edited January 2011
    If you're buying stuff at the store (like meat, or other prepared products) and they're strict, make sure it's actually kosher certified food. Kosher is as much about the preparation as about the type of food. That cured turkey may not be kosher, despite it being an acceptable meat.

    There will be a little seal somewhere on the packaging to let you know.

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  • bowenbowen Registered User regular
    edited January 2011
    How horribly complicated.

    Seems like you've got most of it covered, just make sure you're buying kosher meat, I think that's a thing right?

  • adytumadytum Registered User regular
    edited January 2011
    bowen wrote: »
    How horribly complicated.

    As it's strictest, staying kosher requires having two physically separate kitchens. And you have to eat your meals spaced out as to avoid mixing of the ingredients in your digestive system.

    etxvv5.jpg
  • adytumadytum Registered User regular
    edited January 2011
    FWIW, LewieP's Mummy, Messianic Jews are not in any way a 'regular' form of Judaism and from some quick research on their adherence to dietary law says it seems that it's applicable only on an individual level.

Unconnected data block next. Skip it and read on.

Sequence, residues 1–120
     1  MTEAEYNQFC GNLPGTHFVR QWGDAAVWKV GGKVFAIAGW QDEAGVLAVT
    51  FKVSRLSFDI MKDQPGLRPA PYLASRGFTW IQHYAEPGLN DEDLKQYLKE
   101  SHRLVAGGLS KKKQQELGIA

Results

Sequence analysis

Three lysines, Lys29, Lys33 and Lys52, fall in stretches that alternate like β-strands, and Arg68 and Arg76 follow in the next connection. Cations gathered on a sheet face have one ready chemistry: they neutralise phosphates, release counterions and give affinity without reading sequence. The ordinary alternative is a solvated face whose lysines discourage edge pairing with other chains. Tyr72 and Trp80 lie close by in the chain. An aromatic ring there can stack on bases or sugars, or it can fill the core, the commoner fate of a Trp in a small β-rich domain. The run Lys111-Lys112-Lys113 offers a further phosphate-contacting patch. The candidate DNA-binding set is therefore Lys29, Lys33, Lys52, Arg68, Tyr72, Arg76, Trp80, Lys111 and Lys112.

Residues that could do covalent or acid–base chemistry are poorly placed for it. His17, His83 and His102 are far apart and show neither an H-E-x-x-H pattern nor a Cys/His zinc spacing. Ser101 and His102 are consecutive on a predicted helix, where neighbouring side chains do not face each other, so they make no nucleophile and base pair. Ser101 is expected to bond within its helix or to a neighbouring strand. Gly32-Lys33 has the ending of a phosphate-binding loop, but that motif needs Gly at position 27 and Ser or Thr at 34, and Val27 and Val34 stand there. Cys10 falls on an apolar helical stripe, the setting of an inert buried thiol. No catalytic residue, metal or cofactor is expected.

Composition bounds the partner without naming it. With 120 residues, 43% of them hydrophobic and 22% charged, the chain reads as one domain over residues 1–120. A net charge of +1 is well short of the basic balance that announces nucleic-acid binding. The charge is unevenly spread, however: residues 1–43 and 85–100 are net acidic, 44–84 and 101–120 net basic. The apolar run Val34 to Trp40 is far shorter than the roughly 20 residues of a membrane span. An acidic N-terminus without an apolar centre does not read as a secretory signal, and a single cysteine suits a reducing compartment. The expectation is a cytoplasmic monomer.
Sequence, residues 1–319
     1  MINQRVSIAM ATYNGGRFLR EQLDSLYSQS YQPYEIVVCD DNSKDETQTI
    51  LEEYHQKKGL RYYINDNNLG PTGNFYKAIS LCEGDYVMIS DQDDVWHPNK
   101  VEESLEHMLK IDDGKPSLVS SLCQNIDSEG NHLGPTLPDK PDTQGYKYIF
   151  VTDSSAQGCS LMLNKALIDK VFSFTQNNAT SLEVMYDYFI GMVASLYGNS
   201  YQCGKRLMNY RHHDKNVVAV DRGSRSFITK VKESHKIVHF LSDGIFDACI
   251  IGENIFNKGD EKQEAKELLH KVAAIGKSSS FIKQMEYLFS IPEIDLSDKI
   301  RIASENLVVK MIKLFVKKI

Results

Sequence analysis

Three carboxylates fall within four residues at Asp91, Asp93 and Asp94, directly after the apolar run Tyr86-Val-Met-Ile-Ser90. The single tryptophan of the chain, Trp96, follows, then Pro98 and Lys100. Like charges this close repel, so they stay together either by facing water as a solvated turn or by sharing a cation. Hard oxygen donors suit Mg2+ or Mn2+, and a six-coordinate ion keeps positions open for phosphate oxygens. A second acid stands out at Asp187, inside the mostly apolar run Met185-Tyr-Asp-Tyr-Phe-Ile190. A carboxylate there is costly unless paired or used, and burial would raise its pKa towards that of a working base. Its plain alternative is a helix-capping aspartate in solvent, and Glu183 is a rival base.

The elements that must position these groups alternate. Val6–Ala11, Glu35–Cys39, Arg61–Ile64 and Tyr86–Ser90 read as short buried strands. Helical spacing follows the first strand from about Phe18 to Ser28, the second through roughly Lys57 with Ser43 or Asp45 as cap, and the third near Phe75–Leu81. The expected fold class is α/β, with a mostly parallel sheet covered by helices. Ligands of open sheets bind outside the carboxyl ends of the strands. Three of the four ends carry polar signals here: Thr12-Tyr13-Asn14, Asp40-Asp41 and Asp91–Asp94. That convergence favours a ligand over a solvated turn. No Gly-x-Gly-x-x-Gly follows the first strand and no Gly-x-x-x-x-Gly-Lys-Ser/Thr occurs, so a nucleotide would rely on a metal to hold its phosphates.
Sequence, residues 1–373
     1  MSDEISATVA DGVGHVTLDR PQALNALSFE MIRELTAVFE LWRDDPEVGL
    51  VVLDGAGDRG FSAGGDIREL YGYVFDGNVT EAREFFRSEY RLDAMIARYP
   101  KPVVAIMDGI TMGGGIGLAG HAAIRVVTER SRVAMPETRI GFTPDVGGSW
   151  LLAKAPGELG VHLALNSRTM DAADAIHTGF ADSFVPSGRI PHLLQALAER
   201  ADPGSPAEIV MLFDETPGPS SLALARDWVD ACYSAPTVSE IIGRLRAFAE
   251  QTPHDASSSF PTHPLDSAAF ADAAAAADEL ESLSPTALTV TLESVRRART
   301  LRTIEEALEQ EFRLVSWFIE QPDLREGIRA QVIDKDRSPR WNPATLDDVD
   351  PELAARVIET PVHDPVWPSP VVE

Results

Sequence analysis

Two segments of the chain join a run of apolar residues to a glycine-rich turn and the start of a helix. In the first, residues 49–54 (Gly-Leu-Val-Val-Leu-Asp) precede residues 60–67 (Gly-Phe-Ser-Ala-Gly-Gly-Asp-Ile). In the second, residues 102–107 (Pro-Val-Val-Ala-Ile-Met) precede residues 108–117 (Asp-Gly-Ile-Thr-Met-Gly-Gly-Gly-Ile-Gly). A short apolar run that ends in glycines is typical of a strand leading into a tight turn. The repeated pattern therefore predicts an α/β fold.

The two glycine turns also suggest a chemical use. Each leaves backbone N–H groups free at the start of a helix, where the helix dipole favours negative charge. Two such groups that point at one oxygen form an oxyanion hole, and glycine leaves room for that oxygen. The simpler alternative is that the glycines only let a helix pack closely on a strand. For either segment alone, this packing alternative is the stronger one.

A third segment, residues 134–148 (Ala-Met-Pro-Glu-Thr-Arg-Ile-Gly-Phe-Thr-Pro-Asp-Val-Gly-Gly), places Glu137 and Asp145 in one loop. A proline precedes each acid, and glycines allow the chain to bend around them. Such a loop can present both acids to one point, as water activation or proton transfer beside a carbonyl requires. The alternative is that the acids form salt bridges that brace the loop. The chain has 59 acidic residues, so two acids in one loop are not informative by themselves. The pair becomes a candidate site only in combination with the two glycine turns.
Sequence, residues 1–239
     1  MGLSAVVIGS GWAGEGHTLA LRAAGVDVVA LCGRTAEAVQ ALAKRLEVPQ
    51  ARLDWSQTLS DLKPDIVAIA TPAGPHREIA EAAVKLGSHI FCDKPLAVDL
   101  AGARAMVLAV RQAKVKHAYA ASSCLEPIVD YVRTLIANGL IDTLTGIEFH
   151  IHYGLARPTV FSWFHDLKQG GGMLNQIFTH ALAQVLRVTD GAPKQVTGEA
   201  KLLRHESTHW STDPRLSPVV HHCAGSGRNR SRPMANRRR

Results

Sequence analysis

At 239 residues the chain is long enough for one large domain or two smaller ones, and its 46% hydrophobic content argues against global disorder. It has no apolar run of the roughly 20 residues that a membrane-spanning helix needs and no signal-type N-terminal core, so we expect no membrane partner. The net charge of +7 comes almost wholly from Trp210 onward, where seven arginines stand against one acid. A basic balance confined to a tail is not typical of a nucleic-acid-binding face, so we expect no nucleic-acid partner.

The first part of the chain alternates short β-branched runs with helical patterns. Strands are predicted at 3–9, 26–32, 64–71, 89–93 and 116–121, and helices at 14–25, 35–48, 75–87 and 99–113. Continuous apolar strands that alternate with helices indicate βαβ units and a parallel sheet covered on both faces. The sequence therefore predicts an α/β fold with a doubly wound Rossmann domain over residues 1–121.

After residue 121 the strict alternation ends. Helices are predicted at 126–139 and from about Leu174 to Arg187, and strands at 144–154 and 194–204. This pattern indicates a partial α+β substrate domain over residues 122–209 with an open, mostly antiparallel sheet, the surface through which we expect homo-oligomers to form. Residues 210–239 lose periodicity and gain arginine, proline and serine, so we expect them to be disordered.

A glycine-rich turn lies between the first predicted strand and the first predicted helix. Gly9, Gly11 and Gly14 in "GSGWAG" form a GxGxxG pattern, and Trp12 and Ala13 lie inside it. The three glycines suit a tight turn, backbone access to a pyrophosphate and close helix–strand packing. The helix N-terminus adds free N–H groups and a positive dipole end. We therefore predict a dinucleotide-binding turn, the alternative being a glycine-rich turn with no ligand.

Any chance you can just call and ask them to find out how strict they are?

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  • ceresceres Humming hallelujah in the dark Lost with a compass in the fogSuper Moderator, Moderator mod
    edited January 2011
    Calling them is really the easiest thing to do. People vary in their views of kashrut... it's really just best to ask them how far they take it, but like I said, if they ever eat out normal places, they are almost certainly not strict enough that you have to worry about where the meat comes from. If you've got the big stuff in mind, you've got it covered.

    I find the idea of Messianic "Judaism" dodgy at best, and oh believe me do you ever avoid conversations with these people if you're Jewish, but that's neither here nor there to what's kosher or how strictly they observe as that much isn't even consistent among much of the Jewish community.

    It'll be just as quiet when I leave as it was when I first got here
    I don't expect anything.

    The avalanche has already started; it is too late for the pebbles to vote.
  • AvrahamAvraham white men holding kittens dot tumblr dot comRegistered User regular
    edited January 2011
    Just ask them what they are okay with. Even orthodox Jews vary in how strictly they observe kashrut

    tumblr_mw0i6gT4l61qgwizbo1_250.png :bz :bz
  • Niceguy MyeyeNiceguy Myeye Registered User regular
    edited January 2011
    Avraham wrote: »
    Just ask them what they are okay with. Even orthodox Jews vary in how strictly they observe kashrut


    This goes for anyone with any type of dietary restriction whether it's religious, vegetarian, or something like Crohn's or Celiac's disease. Check with the person you will entertain first.

  • LewieP's MummyLewieP's Mummy Registered User regular
    edited January 2011
    Thanks, everyone! I guess I'm off to a supermarket in Cheetham Hill in the morning :)

    For all the top UK Gaming Bargains, check out SavyGamer

    For paintings in progress, check out canvas and paints

    "The power of the weirdness compels me."